- Feds ask judge to impose $6.5 million punishment for Cape surgeon (12/7/17)9
- Harbor Freight Tools plans to move ahead with Cape Girardeau store (12/5/17)2
- Former Wimpy's Drive-In owner Freeman Lewis dies (12/9/17)2
- Business Notebook: Yule Log Cabin gets home feel honestly (12/4/17)
- Makeover at the movies: Transformation complete inside Cape theater (12/8/17)4
- Sugarfire Cape barbecue restaurant to open June 2018 (12/7/17)
- Fire displaces family of seven (12/5/17)1
- Fruitland Army veteran spends weeks helping in ravaged Puerto Rico (12/5/17)2
- Pedestrian struck on Broadway (12/11/17)4
- Jury convicts Scott City man who confessed to murder; girlfriend's testimony corroborates confession (12/9/17)
Americans wary about spending, tax cuts, war
WASHINGTON -- Americans believe by a 2-to-1 margin that it's prudent to hold off on more tax cuts, a centerpiece of President Bush's domestic policy agenda, an Associated Press poll found.
They greet the new year more cautious about their personal spending yet somewhat optimistic their financial situation will improve.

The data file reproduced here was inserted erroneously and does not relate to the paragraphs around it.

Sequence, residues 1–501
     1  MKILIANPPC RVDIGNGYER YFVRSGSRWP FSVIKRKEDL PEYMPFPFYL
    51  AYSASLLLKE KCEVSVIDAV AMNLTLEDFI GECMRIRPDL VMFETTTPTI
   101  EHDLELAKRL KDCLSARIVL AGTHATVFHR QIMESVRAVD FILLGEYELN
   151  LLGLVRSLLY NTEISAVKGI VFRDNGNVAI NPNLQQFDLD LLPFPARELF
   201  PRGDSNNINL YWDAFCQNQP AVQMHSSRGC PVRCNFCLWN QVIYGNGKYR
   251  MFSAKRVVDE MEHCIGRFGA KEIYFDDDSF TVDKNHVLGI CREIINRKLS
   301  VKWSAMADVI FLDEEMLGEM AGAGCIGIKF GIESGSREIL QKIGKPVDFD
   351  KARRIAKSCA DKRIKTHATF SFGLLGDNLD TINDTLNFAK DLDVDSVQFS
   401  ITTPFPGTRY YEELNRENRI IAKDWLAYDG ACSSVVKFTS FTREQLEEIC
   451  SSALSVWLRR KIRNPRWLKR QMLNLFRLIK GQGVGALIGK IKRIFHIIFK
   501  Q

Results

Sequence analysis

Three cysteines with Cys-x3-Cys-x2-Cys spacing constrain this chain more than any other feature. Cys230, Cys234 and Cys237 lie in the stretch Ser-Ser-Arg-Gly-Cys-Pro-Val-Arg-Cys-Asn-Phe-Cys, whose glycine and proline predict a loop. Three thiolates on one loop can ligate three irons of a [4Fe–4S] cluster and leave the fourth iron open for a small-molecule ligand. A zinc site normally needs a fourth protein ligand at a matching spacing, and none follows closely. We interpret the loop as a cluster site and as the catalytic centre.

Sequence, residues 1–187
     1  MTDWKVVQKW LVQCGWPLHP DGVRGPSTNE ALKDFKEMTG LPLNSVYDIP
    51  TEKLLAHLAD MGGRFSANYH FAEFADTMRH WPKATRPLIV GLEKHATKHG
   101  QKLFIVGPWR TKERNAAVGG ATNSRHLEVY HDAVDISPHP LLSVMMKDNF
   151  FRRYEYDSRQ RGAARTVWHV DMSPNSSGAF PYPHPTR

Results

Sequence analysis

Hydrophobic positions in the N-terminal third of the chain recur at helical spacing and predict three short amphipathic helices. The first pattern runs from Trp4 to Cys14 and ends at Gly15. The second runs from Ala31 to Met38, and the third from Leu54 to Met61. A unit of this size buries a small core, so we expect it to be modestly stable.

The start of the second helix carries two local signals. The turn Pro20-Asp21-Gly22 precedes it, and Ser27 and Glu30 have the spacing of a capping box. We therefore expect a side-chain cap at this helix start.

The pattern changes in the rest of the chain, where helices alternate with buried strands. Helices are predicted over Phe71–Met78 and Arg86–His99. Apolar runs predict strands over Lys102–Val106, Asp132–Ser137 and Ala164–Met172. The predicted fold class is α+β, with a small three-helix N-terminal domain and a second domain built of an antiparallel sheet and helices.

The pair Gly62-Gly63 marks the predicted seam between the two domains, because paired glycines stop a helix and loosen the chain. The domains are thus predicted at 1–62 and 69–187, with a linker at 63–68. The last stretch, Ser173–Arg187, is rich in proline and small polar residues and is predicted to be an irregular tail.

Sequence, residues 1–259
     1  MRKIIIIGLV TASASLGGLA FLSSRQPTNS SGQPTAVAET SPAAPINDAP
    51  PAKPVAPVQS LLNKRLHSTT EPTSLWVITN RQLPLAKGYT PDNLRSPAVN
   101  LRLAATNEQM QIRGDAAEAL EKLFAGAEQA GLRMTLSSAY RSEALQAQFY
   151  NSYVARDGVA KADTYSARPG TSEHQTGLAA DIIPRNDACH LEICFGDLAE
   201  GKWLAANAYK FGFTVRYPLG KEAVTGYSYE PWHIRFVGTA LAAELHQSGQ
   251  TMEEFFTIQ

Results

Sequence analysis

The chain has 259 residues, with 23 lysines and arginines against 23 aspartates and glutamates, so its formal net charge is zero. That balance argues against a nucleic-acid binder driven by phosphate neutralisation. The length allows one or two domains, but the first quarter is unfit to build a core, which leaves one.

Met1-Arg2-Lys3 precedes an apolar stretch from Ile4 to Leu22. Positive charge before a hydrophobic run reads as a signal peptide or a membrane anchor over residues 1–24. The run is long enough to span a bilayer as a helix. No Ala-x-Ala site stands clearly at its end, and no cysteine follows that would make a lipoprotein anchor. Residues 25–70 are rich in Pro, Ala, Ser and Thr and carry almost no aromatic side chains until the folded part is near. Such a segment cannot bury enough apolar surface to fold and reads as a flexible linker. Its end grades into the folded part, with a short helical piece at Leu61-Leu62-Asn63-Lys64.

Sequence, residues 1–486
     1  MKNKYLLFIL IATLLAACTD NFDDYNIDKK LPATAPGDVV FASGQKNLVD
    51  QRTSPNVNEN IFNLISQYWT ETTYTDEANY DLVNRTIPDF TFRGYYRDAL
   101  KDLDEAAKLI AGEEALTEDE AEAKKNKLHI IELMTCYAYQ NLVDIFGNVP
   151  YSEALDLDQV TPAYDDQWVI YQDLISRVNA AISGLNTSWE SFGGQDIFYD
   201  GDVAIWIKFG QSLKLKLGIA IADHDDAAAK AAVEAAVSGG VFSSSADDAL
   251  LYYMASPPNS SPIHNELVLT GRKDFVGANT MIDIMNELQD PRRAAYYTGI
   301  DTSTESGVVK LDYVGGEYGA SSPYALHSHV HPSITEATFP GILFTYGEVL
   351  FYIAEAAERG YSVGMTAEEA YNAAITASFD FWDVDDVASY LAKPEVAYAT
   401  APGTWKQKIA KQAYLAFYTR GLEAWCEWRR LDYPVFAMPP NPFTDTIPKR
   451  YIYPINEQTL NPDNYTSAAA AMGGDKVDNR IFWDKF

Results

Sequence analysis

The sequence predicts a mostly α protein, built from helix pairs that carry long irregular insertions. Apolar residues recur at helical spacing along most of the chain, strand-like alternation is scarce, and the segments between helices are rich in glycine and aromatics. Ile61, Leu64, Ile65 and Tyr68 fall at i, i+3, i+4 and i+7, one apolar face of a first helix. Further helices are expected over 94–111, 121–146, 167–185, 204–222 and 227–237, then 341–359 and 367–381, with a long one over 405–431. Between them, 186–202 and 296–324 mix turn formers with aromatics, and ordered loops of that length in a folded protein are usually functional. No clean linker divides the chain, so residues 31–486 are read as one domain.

On the international front, the poll found people wary of a war with Iraq and much more likely to view Osama bin Laden and his al-Qaida network as threats than Iraqi President Saddam Hussein.
Those anxieties were voiced by Joanne Arriola, a 62-year-old retiree from a utility company in Butte, Mont. She's seen her retirement fund reduced sharply by the troubled economy, worries about the effects of a war in Iraq and is convinced that war will return to America.
"It's a scary new year," she said. "My children are too old to go, but a lot of young people aren't. When the war starts, it will start here, too. I think that once we're in the war, we're going to see something on our soil."
Two-thirds said they were worried that war with Iraq would increase chances of a terror attack in the United States, according to the poll conducted by ICR/International Communications Research of Media, Pa.
On economics, even most Republicans said it would be better to hold off on tax cuts to avoid deeper deficits. The White House is putting together tax cuts that could total $300 billion.
Almost half, 44 percent, said they expect their family's financial situation will be better a year from now. That's a more optimistic view of the future than a year ago.
Republicans were more optimistic than Democrats and young adults significantly more optimistic than older people.